Because of their limited aperture, refractors are not ideal for imaging or visual observation of galaxies. That said, if you own a refractor as your primary or only scope one must adapt.
Most galaxies are relatively small targets, so you will likely want to crop quite a bit. A camera with small pixels can help eek out as much resolution as your skies and diffraction will allow (at the cost of more perceived noise, so you’ll want lots of integration time; no free lunch).
With the FSQ, something like an ASI183 would be ideal for smaller targets. You’ll still have a reasonable number of pixels after you crop for your subject, and you’ll have gotten all the resolution that you can. That combo (without the extender) will yield just under one arc second per pixel. That should be just about perfect. The diffraction limit of your scope is just over one arc second. Couple that with good to average seeing and good guiding and you should be able to get 2.5” FWHM images which is enough resolution for most of the showcase galaxies.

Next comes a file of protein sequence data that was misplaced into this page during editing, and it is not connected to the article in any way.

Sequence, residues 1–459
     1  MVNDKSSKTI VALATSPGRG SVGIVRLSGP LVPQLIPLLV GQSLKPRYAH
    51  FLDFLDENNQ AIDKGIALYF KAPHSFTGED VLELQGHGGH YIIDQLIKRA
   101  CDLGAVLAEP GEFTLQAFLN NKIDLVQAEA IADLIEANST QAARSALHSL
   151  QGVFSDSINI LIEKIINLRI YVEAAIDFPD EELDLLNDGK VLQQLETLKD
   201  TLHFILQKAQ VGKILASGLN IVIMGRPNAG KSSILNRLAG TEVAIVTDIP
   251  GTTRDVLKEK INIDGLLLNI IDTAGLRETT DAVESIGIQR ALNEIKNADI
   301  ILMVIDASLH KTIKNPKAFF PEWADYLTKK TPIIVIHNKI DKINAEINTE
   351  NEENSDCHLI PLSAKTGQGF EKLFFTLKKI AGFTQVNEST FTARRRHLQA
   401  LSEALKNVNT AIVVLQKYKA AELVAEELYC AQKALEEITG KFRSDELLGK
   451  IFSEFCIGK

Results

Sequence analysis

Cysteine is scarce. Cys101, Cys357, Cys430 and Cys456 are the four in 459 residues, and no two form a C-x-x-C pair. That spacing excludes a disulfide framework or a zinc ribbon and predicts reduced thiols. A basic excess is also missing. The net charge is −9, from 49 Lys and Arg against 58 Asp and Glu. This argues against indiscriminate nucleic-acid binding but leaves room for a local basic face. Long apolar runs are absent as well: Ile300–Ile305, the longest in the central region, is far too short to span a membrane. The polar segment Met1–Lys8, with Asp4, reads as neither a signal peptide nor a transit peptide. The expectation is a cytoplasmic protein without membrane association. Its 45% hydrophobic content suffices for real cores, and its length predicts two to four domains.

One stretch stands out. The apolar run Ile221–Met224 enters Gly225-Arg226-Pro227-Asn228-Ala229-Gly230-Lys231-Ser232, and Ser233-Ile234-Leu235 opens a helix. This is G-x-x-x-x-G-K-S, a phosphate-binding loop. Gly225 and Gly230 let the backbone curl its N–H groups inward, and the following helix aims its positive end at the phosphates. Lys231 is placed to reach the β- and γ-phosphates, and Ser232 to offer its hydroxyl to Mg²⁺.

Edited by Jared, 13 May 2021 - 10:33 AM.